When selecting items for a seafood feast, wild caught American shrimp are popular among gourmet cooks. Shrimp are not only recognized for outstanding flavor but they can be an important part of a healthy diet.
Wild American shrimp are delicious steamed, boiled, grilled, fried and in recipes such as scampi. They are also popular as an appetizers such as shrimp cocktail, bisques and salads. They also freeze well and can be purchased in large numbers, processed and excess amounts frozen for later meals.
Shrimp tend to be low in fat and calories and have no carbohydrates or trans fatty acids. They contain vitamins B3, B6, B12, vitamin D and Omega-3 fatty acids and are sources of tryptophan, selenium, protein and minerals including iron, phosphorus, zinc and copper.
American species include white (Litopenaeus setiferus), brown (Farfantepenaeus aztecus), pink (Penaeus duorarum) and royal red (Pleoticus robustus or Hymenopenaeus robustus) rock (Sicyonia brevirostris) and Northern (Pandalus borealis).
Shrimp are sized by “count”. The number is the average number of specimens per pound. This applies to both whole and heads-off products. For example, headless shrimp of 16/20 count means there are 16 to 20 headless product per pound. Counts for headless product typically range from 16/20 (large) to 60/70 (small). Pacific pink shrimp are even smaller, having counts of about 100 to 140 whole shrimp per pound.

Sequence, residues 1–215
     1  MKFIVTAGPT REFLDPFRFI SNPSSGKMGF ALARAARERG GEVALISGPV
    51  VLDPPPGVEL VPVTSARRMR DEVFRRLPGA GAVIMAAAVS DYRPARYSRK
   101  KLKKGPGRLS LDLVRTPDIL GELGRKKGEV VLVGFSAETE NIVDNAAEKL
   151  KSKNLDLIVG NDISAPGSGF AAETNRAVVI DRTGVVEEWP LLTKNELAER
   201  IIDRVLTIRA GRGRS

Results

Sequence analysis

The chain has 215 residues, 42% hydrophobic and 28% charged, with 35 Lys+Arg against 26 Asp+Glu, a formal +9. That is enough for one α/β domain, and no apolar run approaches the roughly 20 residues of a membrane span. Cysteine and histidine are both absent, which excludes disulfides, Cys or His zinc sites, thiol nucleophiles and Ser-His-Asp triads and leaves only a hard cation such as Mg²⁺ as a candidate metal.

Wild American shrimp are also a good choice in terms of sustainability. Many of the American fisheries have been recognized for ethical harvesting techniques.
The Wild American Shrimp Certification Program certifies that warm-water, wild caught shrimp from U.S. coastal waters meet a high standard of quality and consistency. Certified Wild American Shrimp receive special labeling. Participation in the certification program is available to harvesters, processors, distributors, retailers, grocers and restaurateurs.
Another American fishery has received international recognition. Oregon’s pink shrimp fishery has earned the world’s first sustainable shrimp certification under the Marine Stewardship Council (MSC) certification program.
The Marine Stewardship Council (MSC), which runs the world’s leading independent certification program for sustainable fisheries, and independent certifier TAVEL Certification Inc., awarded Oregon pink shrimp its certification on December 6, 2007. The action distinguishes Oregon’s pink shrimp trawl fishery as a sustainable and well-managed fishery. The Marine Stewardship Council certification also allows Oregon pink shrimp to be sold using the coveted blue MSC eco-label indicating a sustainable fishery.
The Marine Stewardship Council is an organization that works to improve the health of the world’s oceans and to help create a sustainable global seafood market. MSC pursues its mission by certifying fisheries that meet its sustainable standards and developing market demand for certified seafood. The MSC model is based on consumers rewarding sustainable fisheries by choosing seafood that originates from certified sustainable fisheries.
Pink shrimp, also known as bay or salad shrimp are small (100-140 whole per lb). They are harvested using advanced trawl methods. Pink MSC certified shrimp are delivered to shore for cooking, peeling and freezing, resulting in an extremely fresh product of excellent quality.
The variety of high quality, healthy and sustainable American shrimp makes them an excellent choice for seafood lovers.